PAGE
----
Kenney, too, marked the anniversary by acknowledging the pain and trauma felt by Wallace’s family and the community. In a statement, he noted the need for immediate change, highlighting efforts his administration took in the wake of George Floyd’s death last year and the nationwide protests that followed. The city’s Pathways to Reform, Transformation, and Reconciliation Steering Committee, which launched in summer 2020, began firm efforts toward equity across the region while attempting to implement improvements to how police respond to behavioral health situations.
Current reforms in progress include embedding Department of Behavioral Health and Intellectual disAbility Services staff in 911 call centers, plans to implement expanded Community Mobile Crisis Response Services, and some additional disciplinary penalties in the latest Fraternal Order of Police contract, among other things.
“I recognize that this is a very difficult time for the family of Walter Wallace, Jr. and for the entire City of Philadelphia,” the mayor said in a statement. “In the last year, the city has worked across institutions, departments, community leaders, and organizations to enact meaningful reforms, re-imagine public safety, and advance racial justice. While our work is not done, we remain strongly committed to these goals and to making our city the best, fairest, and most equitable that it can be. I am resolved to devote every remaining day in this office to bringing about justice and true equity in our city.”
For all of the progress touted by the mayor’s administration, many activists and nonprofit organizations see an urgent need for more to be done. Tyler explained that there would be a steady drumbeat of pressure on civic leaders until families in distress could call an alternate phone number instead of 911 and receive help from unarmed first responders. Then there’s Tyree Wallace — no relation — who founded the nonprofit Systemic Reformative Change while still currently imprisoned. As the name suggests, his organization seeks societal change on a systemic level.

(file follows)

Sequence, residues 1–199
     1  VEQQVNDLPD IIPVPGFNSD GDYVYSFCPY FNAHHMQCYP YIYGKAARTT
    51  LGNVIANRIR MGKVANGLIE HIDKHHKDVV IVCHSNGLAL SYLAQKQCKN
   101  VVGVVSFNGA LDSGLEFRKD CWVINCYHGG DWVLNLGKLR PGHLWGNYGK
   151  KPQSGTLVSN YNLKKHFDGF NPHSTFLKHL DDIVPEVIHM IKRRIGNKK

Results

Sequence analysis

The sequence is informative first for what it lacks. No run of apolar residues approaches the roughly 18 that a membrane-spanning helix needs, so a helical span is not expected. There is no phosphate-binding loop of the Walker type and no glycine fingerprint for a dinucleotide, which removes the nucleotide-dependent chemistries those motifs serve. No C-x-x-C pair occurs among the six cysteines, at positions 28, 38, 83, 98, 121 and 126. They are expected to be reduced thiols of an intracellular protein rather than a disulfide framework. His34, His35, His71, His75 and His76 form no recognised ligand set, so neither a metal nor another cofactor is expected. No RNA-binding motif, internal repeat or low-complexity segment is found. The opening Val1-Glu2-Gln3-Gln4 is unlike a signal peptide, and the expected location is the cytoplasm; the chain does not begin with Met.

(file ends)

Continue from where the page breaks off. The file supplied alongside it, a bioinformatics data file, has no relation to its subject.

“As someone overly concerned about systems and the community, thinking about Walter Wallace in particular who was having a mental health crisis, the police were too quick to shoot and he wound up dying,” Wallace said. “It wasn’t totally their fault, as they were ill-equipped to deal with the situation, but there needs to be systemic change regarding how we deal with mental health issues.”
Activists and organizers aren’t the only ones calling for change on the anniversary of Wallace’s death. At Wednesday evening’s vigil, State Rep. Christopher Rabb and City Councilmember At-Large Derek Green — the only two legislators in attendance out of a long list of invitees — promised those in attendance justice and that they would continue to fight. And despite a tiny moment of tension when someone in attendance asked Green whether or not officers Matarazzo and Munz were back on duty, to which the Councilperson replied he didn’t know and would have to find out, the crowd was, for the most part, on their side.
Early in the evening’s program, Tyler asked those in attendance to pause for a 46 second moment of silence. “That’s about the exact amount of time from when he walked out of his house, until he was shot dead,” Tyler said. “In 46 seconds of arriving, seeing him, he was shot six times.”
“We have a full list of demands that will be read in just a moment,” he continued. “But what I want to say to you is that no one should be shot dead within 46 seconds.”